Published: September 13, 2011
Beginning September 18, Jusepe de Ribera’s monumental portrait of Mary Magdalene from the collection of the Museo Nacional del Prado will be on view at the Meadows Museum at Southern Methodist University. The exhibit, “Ribera: Mary Magdalene in a New Context,” which runs through January 15, marks the second year of the museum’s international partnership with the Prado and will include other notable works by Ribera from international museums and private collections, as well as works by the artist and his followers from the Meadows’ permanent collection.
The exhibition is part of the museum’s three-year partnership with the Prado, a collaboration that includes the organization of focused exhibitions centered on pivotal masterpieces on loan from the Prado, scholarly texts that will advance the understanding of Spanish art and an internship exchange between the two institutions. Curated by Dr Gabriele Finaldi, associate director of collections and research at the Prado, the exhibition will examine Ribera’s representation of Mary Magdalene and other saintly females as a departure from his traditional style.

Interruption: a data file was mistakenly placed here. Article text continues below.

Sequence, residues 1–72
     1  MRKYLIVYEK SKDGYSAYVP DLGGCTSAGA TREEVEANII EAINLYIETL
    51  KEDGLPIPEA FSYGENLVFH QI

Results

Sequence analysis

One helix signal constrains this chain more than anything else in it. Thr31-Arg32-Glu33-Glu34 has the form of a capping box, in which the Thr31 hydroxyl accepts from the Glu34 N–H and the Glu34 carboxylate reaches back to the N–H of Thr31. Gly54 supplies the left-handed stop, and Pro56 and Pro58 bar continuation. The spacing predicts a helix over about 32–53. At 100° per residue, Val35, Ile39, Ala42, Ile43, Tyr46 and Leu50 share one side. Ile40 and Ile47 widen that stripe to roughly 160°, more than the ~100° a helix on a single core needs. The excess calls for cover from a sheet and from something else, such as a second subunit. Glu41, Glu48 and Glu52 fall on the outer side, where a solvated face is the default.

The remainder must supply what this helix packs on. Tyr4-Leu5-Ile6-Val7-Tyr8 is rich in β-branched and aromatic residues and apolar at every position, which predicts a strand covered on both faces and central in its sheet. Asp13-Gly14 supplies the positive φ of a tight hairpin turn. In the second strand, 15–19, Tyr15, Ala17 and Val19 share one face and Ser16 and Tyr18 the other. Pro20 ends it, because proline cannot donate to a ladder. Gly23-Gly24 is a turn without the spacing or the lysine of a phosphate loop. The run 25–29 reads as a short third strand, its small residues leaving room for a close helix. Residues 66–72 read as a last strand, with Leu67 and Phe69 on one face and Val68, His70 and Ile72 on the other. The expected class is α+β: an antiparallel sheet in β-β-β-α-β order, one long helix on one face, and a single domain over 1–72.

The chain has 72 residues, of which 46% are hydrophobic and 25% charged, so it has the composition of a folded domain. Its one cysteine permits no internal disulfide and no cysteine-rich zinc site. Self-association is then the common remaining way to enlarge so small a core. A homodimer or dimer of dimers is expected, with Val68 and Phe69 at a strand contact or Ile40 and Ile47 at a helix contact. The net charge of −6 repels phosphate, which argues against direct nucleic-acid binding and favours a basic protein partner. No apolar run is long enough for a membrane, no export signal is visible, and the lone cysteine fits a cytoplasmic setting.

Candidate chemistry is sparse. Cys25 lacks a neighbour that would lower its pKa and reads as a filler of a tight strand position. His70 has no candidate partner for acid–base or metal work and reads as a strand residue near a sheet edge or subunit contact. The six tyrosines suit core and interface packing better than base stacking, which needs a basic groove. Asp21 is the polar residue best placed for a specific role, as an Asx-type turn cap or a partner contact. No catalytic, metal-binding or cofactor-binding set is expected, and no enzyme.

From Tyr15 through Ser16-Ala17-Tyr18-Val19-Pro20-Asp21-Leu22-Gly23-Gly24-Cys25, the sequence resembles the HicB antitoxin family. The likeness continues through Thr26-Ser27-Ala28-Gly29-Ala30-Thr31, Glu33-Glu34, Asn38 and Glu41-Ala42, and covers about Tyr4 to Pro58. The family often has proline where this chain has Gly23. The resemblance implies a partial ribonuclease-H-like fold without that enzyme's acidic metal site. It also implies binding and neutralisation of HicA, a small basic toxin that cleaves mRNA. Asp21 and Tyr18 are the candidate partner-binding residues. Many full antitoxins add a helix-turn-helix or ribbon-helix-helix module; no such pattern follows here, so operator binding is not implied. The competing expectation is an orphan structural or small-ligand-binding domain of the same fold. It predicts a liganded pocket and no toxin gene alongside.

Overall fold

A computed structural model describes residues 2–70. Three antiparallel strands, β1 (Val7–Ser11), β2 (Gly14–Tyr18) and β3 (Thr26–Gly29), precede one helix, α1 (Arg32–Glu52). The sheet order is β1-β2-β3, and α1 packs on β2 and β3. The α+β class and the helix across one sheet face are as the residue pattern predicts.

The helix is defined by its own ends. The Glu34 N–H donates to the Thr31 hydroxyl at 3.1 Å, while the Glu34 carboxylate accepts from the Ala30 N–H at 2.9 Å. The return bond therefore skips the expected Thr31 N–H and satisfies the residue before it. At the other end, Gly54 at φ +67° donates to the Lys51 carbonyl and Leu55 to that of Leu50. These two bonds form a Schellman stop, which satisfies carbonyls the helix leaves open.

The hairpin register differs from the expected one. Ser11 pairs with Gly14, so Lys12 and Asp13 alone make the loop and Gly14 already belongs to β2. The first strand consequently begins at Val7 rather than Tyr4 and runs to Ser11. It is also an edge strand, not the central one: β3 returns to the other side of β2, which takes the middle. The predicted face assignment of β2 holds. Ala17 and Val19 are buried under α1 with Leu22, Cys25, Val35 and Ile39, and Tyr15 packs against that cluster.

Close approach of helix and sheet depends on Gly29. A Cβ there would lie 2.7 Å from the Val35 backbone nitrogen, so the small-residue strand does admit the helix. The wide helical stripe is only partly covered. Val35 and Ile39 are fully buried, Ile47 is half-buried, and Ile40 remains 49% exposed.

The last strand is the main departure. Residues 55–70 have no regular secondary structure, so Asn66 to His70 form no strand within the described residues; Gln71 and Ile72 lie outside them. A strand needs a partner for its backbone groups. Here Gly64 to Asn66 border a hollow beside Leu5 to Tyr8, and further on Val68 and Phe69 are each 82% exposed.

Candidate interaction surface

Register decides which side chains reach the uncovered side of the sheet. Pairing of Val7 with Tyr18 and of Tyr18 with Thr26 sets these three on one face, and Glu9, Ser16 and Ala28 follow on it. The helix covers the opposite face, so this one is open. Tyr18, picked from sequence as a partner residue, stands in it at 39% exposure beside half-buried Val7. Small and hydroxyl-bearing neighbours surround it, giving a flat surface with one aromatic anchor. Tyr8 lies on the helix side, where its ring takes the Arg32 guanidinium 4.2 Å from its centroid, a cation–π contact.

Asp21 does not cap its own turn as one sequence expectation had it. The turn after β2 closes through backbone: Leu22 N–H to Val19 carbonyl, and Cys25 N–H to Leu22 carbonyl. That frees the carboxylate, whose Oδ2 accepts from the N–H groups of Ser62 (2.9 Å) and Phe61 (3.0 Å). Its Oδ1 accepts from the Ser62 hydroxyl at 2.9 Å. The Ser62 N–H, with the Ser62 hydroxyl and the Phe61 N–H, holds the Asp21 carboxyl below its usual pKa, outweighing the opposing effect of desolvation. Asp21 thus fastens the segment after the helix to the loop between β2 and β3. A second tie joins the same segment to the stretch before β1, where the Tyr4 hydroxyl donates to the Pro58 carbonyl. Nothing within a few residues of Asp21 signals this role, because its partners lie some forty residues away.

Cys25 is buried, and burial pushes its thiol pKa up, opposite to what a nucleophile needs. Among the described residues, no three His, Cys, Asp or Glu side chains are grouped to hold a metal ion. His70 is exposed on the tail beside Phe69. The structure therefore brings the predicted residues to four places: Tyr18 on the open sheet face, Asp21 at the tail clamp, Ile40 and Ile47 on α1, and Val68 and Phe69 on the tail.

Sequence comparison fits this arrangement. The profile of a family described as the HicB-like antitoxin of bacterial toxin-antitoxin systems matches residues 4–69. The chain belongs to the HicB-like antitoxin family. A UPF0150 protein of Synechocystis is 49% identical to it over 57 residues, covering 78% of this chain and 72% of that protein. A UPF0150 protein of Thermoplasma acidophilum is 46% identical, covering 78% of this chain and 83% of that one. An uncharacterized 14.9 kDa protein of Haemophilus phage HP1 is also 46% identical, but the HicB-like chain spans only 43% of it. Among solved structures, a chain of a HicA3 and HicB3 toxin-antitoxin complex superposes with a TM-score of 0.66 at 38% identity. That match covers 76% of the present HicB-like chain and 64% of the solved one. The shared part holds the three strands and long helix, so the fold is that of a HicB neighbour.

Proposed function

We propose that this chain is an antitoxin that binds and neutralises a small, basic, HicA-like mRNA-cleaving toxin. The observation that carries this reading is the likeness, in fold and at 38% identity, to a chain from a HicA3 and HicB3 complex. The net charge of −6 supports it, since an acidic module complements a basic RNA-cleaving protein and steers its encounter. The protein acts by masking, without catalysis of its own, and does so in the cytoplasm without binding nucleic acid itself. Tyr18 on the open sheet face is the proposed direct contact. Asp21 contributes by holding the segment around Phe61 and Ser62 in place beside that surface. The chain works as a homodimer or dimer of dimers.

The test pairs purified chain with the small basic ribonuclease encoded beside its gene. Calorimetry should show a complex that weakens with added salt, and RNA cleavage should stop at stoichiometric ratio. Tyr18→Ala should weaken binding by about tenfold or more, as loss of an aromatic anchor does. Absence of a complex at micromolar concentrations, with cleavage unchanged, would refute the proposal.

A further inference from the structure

This initiative is accompanied by a bilingual publication published by the Meadows Museum in collaboration with the Museo Nacional del Prado. The exhibition’s inauguration will feature a symposium on September 16.
Though Ribera is known for his dark and startling works, often depicting scenes of horror, his representation of the Magdalene is tender, emphasizing the beauty and elegance of his subject. The Magdalene was a central devotional figure in Seventeenth Century Italy and Spain, and was a frequent subject for paintings of the time. Ribera painted the Magdalene several times, consistently portraying her as a sympathetic and sensitive figure.
Ribera’s “Magdalene” will be accompanied by three additional loans: “Assumption of the Magdalene,” 1636, from the Museo de la Real Academia de Bellas Artes de San Fernando in Madrid; “Saint Mary of Egypt in Ecstasy,” circa 1640, from the Colección Pérez Simón in Mexico City; and “Saint Mary of Egypt,” 1651, from the Museo Civico Gaetano Filangieri in Naples, Italy.
The Meadows Museum is at 5900 Bishop Boulevard. For information, 214-768-4677 or www.meadowsmuseumdallas.org .
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